Why Black Women choose Religion

In the bellows of the slave ship in the horrors of the Middle Passage, black souls were fashioned to be out of body. The stench of decaying flesh, the shrill of physical anguish and the feel of blood dung and mucous on the lips from being chained between the crouch of the next shackled immobilized captive transformed the beyond into the soul and the present into temporal deletion. Perhaps by design the African women on the slave ship were not shackled on their deck, presumably because mutiny was more aptly envisioned to be carried out by men, of which one was said to be as strong as four Indians upon arrival to the colonies. The sinister proclivities of the European slave trader made a twinge of conscience unrecognizable as many admitted that they saw no evil in enslaving Africans on ships like sardines because they never saw them as humans. Therefore, what would the insidiously perverse mind of the European tyrant conceive when he realized he had hordes of black women held captive under the fear of his ominous control? It would conceive the same mendacity that it would come to conceive on the plantation, that rape and sexual molestation and exploitation was not criminal, it was Darwinian; the spoils of the survival of the fittest. Male slaves were screaming in agony constantly because their minds were maddening expediently, their limbs were disfigured to pack them in the deck that was so compact that it didn’t allow for them to sit erect. The slaves that contracted European disease and were considered contagious to the cargo were chained to a pole in the basement of the deck where, by some accounts, their skin and flesh was almost rubbed off completely by the violent and incessant rocking their bare bodies were subjected to on the splinted wood floor. These solitary screams rivaled those on the deck. An African European named Eloudah Equiano was a crewman on a ship named the Zong in 1781 and witnessed screams of 132 slaves, considered to be a food supply risk, thrown over the deck to be torn asunder by sharks. In his memoirs he was adamant in believing that the Europeans were cannibalizing the Africans who screamed while chained together in procession around a boiling cauldron where he fainted at the belief of his people being cooked. There was so much screaming echoing throughout the ship perpetually that the screams of the female slaves being sexually emaciated by their slaver would be nothing alarming, it would simply blend in with the cacophonous melody of torment that must have sounded like a conchanto of demonic exorcism. In the wake of this event, two things happened to the psyche of the African, soon to evolve into the African American woman, it duplicitously told her that she was slightly above the damnation of her slave male counterpart who was shackled with dead bodies, and that being above the lowest of degradations only made her vulnerable to the vilest of degradations, rape and sexual exploitation. Moreover, this reasoning made her more dependent on religious spirituality since she felt more favored by god by not being shackled, but more damned by the devil who vandalized her genatalia unrequitedly. So when we read the Washington Post’s new statistic that African American women are the most religious sector of people in the country, we are articulating the underpinnings of their psychological self preservation form slavery. When they were sold on the auction blocks they were once again molested when they were inspected to see if their womb and vaginal canal was suitable for extensive child bearing. A woman or girl that was not previously violated would be presumed to be reproductively fit. Yet, since our foremother’s vaginas were handled like purchased groceries being bagged in express isles, evaluation was necessary to see if only minimal damage was done so that the auction price for damaged goods would be profitable. Once on the plantation, these slave women were often pregnant at the same time the slave owner’s mistress was pregnant and if the white woman was unwilling to nurse, the slave woman nursed the slave master’s child as well. Compromisingly, she felt another component within her was enslaved, her motherhood. As the white child drew similac from her mammary gland the slave mother was tortured by the fact that she was making strong, in essence nurturing the virulence, of the very person who next owned her. The child also owned her undocumented husband and her suckling child that knew nothing of bondage or captivity, just that the nipple he sucked was prematurely taut and ill fitted for the posturing of his mouth because master’s son was the primary breast mouther. She was afflicted with the knowledge that the white child could grow to separate the slave mother and the child, sell them apart from one another, and dehumanize them with the whip and the penis while profiting from the demoralizing. To raise both slave master and slave with the same breast milk was a dichotomous torture on the psyche of the African American slave woman because the slave child harbored her blood. In the wild when humans raise ravenous, carnivorous animals, set them free in the jungle and revisit on an expedition, it has been documented that the beastly predator would recognize the parental human figures and implore them not with savagery, but with affection. This is completely atypical of the animalistic instinct. However, in the wild of the plantation, the white child who would eventually become the ravenous, animalistic slave master that was once nurtured by the black slave woman would know his motherly figure well in adulthood, but lacked the decency of a barbaric animal and instead of affectionate entreaties, he would work all manner of devilment on her and her children who were nursed from the same bosom as he. This pain mad the African American slave woman dependent upon the belief in realities unbeheld, that godly deliverance through insurgent beseechment was the only rapture from her horror. It was easier for the male slave to resent the ideal of god all together because the emancipation seeking male slave became the run-away, thus having to cultivate a fleeing mentality which is one of self reliance, not godly reliance. The paradigm is didactic, male slaves who prodigiously and routinely ran away, did so leaning upon their own understanding as it were, whereas the female slave who had to stay and nurse both protagonist and villain was forced to stay and wait on god to deliver her which made her more spiritually reliant. A confession of a slave named Cyrus from South Carolina echoed the male slave psyche. He lamented “If I lived so, I should never see the face of god in glory…I did not think of Adam and Eve as sin, but I was sin. I felt my own plague…I felt myself at the disposal of sovereign mercy.” Contrasting this with the slave mother of her own child and the future slave master we find sentiments such as this from Harriet Jacobs in her 19th century slave narrative. “I loved to watch his infant slumbers, but I could never forget that he was a slave. Sometimes I wished that he might die in infancy. God tried me, my darling became very ill. I had prayed for his death but never now so earnestly as I prayed for his life…What mockery it is for a slave mother to try to pray back her dying child to life!” Black women grew more dependent on god to take the life of their children who they preferred see the face of god in the afterlife, than to see the face of the despot in the moratorium of the cotton field. Slave women were more attached to god because their conscience made them stay by the side of their children, praying for their survival, instead of fleeing for their freedom and leaving the children behind like male slaves often did. And when slave women would run away, they took their children with them and while hiding in the swamp it was customary for black women to pray to god while drowning their crying children who were threatening to bring notice to their hiding. The Hadenic anguish the African American woman felt through the trifles of slavery that wrought demise on them and their children made them ardent god petitioning women, this psyche has been passed down through the generations to enact the religiosity of African American women today who are slaves to the oppression of the black male who inherited the fleeing mentality of their forefathers. They are slaves to the misogyny of black men who view them as the same inanimate sex object as the slave trader viewed them and instead of wanting their sons to die to keep them from being slaves, they prefer the volition of their manhood to die to keep them from being like their fathers. Who else can black women call upon but god when they find themselves being sold on the auction block of misassociation, misassociated from society, their men and from the ugliness of their own history? My name is Kinshasa and these are my waking thoughts, you may disagree, but rest assured my intelligence is superior.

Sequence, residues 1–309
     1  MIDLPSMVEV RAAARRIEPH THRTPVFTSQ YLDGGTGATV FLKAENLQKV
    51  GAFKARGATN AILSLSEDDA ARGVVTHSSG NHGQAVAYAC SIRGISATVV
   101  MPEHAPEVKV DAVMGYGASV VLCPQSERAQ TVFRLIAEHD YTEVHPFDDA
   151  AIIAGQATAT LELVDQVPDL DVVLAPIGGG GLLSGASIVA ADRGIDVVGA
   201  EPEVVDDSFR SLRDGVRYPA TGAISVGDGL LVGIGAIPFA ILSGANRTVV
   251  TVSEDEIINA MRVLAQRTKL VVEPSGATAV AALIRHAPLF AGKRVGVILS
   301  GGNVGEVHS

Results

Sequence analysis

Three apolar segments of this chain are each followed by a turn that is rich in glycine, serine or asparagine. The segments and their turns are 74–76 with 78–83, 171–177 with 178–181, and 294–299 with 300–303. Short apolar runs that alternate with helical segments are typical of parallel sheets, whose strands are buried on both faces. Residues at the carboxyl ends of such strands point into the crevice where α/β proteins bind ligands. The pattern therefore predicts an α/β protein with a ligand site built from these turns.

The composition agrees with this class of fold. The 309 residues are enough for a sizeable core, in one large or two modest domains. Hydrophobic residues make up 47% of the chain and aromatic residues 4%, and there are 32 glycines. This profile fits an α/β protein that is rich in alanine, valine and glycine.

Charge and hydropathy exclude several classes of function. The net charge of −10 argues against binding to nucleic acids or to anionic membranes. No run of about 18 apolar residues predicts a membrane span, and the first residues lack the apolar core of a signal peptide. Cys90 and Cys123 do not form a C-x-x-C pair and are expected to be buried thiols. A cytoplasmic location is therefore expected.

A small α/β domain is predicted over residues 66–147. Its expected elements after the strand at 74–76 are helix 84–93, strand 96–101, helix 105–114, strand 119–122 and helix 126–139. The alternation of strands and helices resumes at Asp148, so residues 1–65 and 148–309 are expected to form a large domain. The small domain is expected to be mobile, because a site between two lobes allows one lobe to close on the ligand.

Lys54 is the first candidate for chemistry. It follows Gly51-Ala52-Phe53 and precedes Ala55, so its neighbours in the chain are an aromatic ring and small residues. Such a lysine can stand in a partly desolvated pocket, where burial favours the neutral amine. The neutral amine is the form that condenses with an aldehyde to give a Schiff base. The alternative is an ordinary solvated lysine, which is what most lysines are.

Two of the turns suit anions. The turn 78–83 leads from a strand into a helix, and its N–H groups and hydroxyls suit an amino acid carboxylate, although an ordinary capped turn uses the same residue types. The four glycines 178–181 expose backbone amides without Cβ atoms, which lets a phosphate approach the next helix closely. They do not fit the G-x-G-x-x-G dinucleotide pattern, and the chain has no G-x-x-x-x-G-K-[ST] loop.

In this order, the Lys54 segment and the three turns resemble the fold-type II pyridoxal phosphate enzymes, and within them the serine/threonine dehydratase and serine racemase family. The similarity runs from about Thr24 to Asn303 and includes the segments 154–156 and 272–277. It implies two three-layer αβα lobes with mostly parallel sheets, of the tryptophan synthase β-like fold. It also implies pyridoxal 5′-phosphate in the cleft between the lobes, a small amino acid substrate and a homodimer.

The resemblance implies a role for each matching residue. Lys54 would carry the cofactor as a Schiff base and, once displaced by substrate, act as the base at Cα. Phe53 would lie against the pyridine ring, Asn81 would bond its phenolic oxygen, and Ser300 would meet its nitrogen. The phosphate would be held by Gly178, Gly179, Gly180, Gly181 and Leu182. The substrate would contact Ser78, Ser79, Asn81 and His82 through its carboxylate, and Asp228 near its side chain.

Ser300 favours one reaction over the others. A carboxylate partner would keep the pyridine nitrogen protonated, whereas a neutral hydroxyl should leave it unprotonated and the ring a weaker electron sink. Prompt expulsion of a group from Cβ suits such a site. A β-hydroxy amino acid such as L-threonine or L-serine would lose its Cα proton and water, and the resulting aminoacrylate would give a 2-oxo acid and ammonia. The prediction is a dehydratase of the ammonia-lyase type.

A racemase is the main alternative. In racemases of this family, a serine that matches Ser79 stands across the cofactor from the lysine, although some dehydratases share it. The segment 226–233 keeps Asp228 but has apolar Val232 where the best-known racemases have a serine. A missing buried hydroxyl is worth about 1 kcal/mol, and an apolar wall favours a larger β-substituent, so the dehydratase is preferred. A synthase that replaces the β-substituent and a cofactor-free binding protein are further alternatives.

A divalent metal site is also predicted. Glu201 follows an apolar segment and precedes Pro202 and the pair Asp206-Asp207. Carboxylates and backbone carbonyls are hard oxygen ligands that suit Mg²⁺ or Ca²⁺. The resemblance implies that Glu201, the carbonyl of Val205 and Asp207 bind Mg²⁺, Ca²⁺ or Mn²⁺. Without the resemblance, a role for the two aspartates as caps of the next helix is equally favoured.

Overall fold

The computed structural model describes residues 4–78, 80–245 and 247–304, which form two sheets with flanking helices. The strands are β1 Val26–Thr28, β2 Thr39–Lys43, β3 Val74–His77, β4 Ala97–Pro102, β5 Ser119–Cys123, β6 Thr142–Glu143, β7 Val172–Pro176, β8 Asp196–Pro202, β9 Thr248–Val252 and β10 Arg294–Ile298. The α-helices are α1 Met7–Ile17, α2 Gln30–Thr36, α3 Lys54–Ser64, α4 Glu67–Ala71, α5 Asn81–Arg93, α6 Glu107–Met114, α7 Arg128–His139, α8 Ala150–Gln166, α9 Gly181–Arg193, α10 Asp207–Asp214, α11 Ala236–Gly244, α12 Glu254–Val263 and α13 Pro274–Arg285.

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This entry was posted in African American, African American Women, Black Culture, black culture and black consciousness, Black History, gender, history, racism and tagged , , , , , , , , , , , , , , , , . Bookmark the permalink.

One Response to Why Black Women choose Religion

  1. Bruce Williams says:

    It is inherent in each generation to rebel against the “elders”. That being the case why has the black woman never rebelled against the oppression of religion? And at what point are you responsible for your actions and can no longer use the crutch of past wrongs?